This course covers several important machine learning algorithms for natural language processing including decision tree, kNN, Naive Bayes, support vector machine, maximum entropy / multinomial logistic regression, conditional random fields, and neural networks. Students implement many of the algorithms and apply these algorithms to some NLP tasks.
|Tuesday and Thursday||1:00 - 2:20 PM||ECE 045|
|Instructor||Shane Steinert-Threlkeld||Guggenheim 418-D (and Zoom)||Tuesday, 2:30 - 4:30 PM|
|Teaching Assistant||Yuanhe Tian||Guggenheim 417 (the Treehouse)||Wednesday, 3 - 4 PM
Friday 10 - 11 AM
There is no required textbook. Instead, the course readings will be drawn from contemporary articles and tutorials available online. Some material will be pulled from the following books, which will be referenced by their parenthecized names:
N.B.: All homework grading will take place on the patas cluster using Condor, so your code must run there. I strongly encourage you to ensure you have an account set up by the time of the first course meeting.
Unless explicitly mentioned below, the shared policies of the LING 57x course series apply to this course. Please read those policies for more information.
As per the policy above, all communication outside of the classroom should take place on Canvas. You can expect responses from teaching staff within 48 hours, but only during normal business hours, and excluding weekends.
N.B.: while CLMS students have a private Slack channel, I strongly encourage questions concerning course content and assignments to be posted to the Canvas discussion board, for two reasons. (i) Teaching staff will not look at Canvas, so misinformation can spread. (ii) Not every student in the course is in the CLMS program, but they deserve to be included in course discussions and likely have many of the same questions.
Washington state law requires that UW develop a policy for accommodation of student absences or significant hardship due to reasons of faith or conscience, or for organized religious activities. The UW’s policy, including more information about how to request an accommodation, is available at Religious Accommodations Policy (https://registrar.washington.edu/staffandfaculty/religious-accommodations-policy/). Accommodations must be requested within the first two weeks of this course using the Religious Accommodations Request form (https://registrar.washington.edu/students/religious-accommodations-request/).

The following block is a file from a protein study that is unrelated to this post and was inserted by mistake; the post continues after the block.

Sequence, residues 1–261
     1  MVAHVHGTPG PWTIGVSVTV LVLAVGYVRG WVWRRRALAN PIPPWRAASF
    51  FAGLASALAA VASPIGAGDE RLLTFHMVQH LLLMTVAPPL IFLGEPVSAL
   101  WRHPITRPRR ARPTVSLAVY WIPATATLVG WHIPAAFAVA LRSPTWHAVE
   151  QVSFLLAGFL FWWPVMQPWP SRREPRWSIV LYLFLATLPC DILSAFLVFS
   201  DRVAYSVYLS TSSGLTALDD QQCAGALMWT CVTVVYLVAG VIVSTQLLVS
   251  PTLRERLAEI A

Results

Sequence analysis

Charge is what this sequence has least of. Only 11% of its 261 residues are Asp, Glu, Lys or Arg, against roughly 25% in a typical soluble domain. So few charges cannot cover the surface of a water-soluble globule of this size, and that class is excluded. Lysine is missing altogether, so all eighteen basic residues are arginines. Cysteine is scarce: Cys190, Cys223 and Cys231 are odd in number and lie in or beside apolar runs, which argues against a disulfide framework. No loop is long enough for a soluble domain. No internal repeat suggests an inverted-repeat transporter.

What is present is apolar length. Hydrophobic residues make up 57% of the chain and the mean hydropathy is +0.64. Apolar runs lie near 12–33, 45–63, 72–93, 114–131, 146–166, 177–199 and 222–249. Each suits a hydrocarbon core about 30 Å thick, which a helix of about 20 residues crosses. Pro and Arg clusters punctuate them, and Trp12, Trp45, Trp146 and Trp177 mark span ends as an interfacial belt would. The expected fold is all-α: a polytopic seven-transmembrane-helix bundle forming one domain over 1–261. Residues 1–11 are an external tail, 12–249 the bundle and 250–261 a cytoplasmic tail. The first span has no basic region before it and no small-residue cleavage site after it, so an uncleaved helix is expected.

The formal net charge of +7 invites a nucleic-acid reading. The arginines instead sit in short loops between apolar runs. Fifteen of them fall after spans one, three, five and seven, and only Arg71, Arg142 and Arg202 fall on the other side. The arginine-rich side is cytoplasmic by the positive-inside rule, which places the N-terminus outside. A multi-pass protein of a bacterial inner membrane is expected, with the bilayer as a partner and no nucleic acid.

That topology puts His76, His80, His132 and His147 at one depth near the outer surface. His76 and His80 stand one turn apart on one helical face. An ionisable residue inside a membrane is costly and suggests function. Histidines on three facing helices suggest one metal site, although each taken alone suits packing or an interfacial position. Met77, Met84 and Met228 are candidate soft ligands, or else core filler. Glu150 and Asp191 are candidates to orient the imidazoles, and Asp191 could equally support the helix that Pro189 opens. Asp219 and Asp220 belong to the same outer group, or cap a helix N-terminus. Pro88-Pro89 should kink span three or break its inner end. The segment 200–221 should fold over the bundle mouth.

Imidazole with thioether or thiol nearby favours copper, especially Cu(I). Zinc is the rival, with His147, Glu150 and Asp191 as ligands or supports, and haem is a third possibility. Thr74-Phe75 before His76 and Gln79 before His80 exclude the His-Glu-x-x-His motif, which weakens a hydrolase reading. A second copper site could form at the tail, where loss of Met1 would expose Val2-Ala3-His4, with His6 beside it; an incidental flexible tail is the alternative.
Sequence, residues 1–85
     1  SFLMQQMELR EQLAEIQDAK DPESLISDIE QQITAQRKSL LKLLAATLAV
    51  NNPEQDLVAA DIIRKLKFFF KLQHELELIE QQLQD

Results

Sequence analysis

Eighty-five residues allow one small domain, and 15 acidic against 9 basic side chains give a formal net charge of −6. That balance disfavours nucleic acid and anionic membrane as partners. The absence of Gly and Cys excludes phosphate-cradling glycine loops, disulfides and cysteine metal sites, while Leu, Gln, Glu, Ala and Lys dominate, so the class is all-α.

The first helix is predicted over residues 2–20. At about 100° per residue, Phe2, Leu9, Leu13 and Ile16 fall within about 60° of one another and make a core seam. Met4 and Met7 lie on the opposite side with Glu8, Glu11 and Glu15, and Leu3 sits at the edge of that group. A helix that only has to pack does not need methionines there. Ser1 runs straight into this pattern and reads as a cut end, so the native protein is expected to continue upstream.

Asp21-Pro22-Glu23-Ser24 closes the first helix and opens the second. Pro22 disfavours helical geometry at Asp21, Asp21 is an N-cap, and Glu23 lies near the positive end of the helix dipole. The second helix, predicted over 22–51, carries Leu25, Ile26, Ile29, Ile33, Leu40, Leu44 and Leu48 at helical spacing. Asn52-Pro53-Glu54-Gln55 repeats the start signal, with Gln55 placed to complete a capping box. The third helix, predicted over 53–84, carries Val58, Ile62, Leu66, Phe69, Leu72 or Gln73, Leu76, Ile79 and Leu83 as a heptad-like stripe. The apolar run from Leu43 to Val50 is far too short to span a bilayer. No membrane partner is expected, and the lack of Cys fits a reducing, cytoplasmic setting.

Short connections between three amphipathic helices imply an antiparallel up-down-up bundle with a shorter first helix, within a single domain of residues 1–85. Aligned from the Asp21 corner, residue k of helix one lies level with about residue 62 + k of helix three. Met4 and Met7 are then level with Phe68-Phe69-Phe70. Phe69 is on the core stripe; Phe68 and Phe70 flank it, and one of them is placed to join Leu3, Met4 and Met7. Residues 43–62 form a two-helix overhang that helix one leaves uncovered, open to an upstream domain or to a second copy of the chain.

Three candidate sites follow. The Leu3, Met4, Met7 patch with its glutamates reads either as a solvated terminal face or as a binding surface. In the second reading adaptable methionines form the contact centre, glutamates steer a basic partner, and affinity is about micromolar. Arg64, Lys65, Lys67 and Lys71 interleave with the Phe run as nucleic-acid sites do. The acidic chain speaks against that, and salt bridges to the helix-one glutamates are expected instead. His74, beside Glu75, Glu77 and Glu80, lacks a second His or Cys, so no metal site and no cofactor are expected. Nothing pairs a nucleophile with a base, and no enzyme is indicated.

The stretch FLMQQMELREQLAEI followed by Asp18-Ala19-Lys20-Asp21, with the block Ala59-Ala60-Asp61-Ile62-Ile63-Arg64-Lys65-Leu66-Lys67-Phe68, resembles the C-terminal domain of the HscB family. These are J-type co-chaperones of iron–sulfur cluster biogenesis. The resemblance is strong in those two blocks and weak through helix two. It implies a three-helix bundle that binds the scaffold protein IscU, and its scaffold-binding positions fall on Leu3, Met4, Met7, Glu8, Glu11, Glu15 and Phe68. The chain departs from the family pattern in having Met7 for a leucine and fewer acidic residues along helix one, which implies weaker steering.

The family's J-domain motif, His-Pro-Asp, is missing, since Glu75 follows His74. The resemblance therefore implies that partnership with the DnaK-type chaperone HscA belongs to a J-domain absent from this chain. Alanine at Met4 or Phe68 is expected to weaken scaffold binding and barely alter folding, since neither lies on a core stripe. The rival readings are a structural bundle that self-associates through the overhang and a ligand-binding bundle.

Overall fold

Your experience in this class is important to me. If you have already established accommodations with Disability Resources for Students (DRS), please communicate your approved accommodations to me at your earliest convenience so we can discuss your needs in this course.
If you have not yet established services through DRS, but have a temporary health condition or permanent disability that requires accommodations (conditions include but not limited to; mental health, attention-related, learning, vision, hearing, physical or health impacts), you are welcome to contact DRS at 206-543-8924 or email@example.com or disability.uw.edu. DRS offers resources and coordinates reasonable accommodations for students with disabilities and/or temporary health conditions. Reasonable accommodations are established through an interactive process between you, your instructor(s) and DRS. It is the policy and practice of the University of Washington to create inclusive and accessible learning environments consistent with federal and state law.
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|Date||Topics||Suggested Readings||Assignment out||Assignment due|
[classification] [probability] [MALLET]
Cover and Thomas, ch 2
|Jan 9||Decision Trees||ML ch 9|
|Jan 14||Naive Bayes||
JM ch 4
McCallum and Nigam 1998
[pdf, tex, slides]
|Jan 16||k-Nearest Neighbors (kNN)||IR 14.3 -14.4||HW1 due|
|Jan 21||Feature Selection||
Unit 1 recap
Maximum entropy (MaxEnt) I: main concept
linear programming intro
Berger et al 1996, "A maximum entropy approach to NLP"
|HW4 out||Reading #1 in|
|Jan 30||MaxEnt II: modeling and decoding||Ratnaparkhi 1997||HW3 in|
|Feb 4||MaxEnt II (cont)||HW5 out|
MaxEnt III: training
MaxEnt IV: beam search
Klein and Manning 2003
|Feb 11||Conditional Random Fields (CRF)||Sutton and McCallum 2006||
|Feb 13||Support Vector Machines (SVM) I: linear||IR, Ch 15||HW5 in|
|Feb 18||SVM I (cont)||IR, Ch 15||Reading #3||Reading #2 in|
SVM II: non-linear
|IR Ch 15||HW6 in|
SVM III: tree kernel
SVM IV: transductive SVM
Collins and Duffy 2001
Joachims 1999 (ICML)
|HW7 out||Reading #3 in|
|Feb 27||Neural Networks: Introduction||
DL book ch 6.1-6.4
3blue1brown NN videos
DL book ch 6.5
CS 231n notes 1
CS 231n notes 2 (vector/tensor derivatives)
Yes, you should understand backprop
|Mar 5||Recurrent Neural Networks||
DL book ch 10
The Unreasonable Effectiveness of Recurrent Neural Networks
Sequence to Sequence Learning with Neural Networks (original seq2seq paper)
Neural Machine Translation by Jointly Learning to Align and Translate (original seq2seq + attention paper)
Pre-training / transfer learning
Attention is All You Need (original Transformer paper)
The Annotated Transformer
The Illustrated Transformer
NLP's ImageNet Moment Has Arrived
The Illustrated BERT, ELMo, and co. (How NLP Cracked Transfer Learning)
|Mar 12||Summary||HW8 in|